The ADHD Gender Gap Is Closing for Older Women
As more women and their medical providers learn about the symptoms of ADHD in adults and the benefits associated with treating them, diagnoses are on the rise — particularly among women in mid-life. Though more men are diagnosed with ADHD overall, data from the 2007 and 2012 U.S. National Health Interview Survey reveal a 31 percent decrease in the gender gap among adults with ADHD, reflecting an increased diagnosis rate among women later in life.
June 26, 2019
The ADHD gender gap is shrinking among adults, according to a new study from researchers at Syracuse University1 that found a 31 percent decrease in ADHD diagnosis discrepancies between women and men from 2007 to 2012. Though ADHD diagnoses among men still outnumber those among women, more women are getting evaluated and diagnosed with attention deficit hyperactivity disorder later in life, which is causing the gender gap to pinch.
Studying data from the 2007 and 2012 U.S National Health Interview Survey, researchers found a 3.41 percent increase in the prevalence of attention deficit hyperactivity disorder (ADHD or ADD) among adults aged 18 to 64. Gender differences were most distinct among the youngest cohorts, likely due to an increase in ADHD diagnoses among boys and men born after 1980. Among the older cohorts, however, ADHD diagnosis rates among men and women were more similar.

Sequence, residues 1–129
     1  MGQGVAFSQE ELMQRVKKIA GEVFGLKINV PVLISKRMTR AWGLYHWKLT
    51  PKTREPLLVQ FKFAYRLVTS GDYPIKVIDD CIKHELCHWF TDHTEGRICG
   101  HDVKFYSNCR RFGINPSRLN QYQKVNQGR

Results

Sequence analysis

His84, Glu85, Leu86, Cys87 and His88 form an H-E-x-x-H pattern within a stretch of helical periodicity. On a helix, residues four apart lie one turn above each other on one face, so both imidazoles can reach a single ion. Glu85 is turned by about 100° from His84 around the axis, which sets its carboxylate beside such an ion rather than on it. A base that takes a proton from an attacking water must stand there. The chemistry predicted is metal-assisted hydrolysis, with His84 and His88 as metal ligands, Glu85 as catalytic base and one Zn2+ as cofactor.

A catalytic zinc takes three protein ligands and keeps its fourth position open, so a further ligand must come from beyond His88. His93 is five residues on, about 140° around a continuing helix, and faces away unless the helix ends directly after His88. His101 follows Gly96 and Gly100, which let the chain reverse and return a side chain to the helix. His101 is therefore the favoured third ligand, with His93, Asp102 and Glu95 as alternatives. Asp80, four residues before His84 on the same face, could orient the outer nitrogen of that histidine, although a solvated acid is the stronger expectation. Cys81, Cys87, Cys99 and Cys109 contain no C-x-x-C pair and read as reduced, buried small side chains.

The researchers attributed this diminishing gender gap to improved diagnostic criteria for ADHD in women, an increased number of referrals for evaluation from general practitioners who understand that ADHD is not a childhood disorder, ongoing research findings, and a growing acceptance that ADHD diagnosis at any age is worthwhile and beneficial to the patient. Intra-cohort gender variations reflected a new propensity to diagnose adults — particularly women previously undiagnosed — at any age.
Researchers concluded that the gender-specific historical period effect was due largely to changes in diagnostic practices and a decrease in diagnostic bias that affected adult women more than adult men.
1 London, A. S., & Landes, S. D. (2019). Cohort Change in the Prevalence of ADHD Among U.S. Adults: Evidence of a Gender-Specific Historical Period Effect. Journal of Attention Disorders. https://doi.org/10.1177/1087054719855689